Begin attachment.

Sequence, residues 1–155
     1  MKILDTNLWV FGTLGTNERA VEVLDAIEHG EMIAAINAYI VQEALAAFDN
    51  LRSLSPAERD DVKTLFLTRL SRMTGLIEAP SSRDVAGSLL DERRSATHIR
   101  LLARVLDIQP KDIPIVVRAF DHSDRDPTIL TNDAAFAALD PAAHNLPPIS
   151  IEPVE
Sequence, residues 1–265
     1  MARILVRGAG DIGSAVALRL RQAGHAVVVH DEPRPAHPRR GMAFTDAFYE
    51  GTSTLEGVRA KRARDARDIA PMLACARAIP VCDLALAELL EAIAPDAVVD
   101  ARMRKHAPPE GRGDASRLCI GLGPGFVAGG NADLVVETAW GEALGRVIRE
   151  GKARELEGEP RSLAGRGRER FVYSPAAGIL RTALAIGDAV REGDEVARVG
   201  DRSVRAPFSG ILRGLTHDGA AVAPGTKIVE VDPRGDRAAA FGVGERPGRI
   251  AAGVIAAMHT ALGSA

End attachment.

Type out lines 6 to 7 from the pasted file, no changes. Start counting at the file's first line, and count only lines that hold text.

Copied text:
Sequence, residues 1–265
     1  MARILVRGAG DIGSAVALRL RQAGHAVVVH DEPRPAHPRR GMAFTDAFYE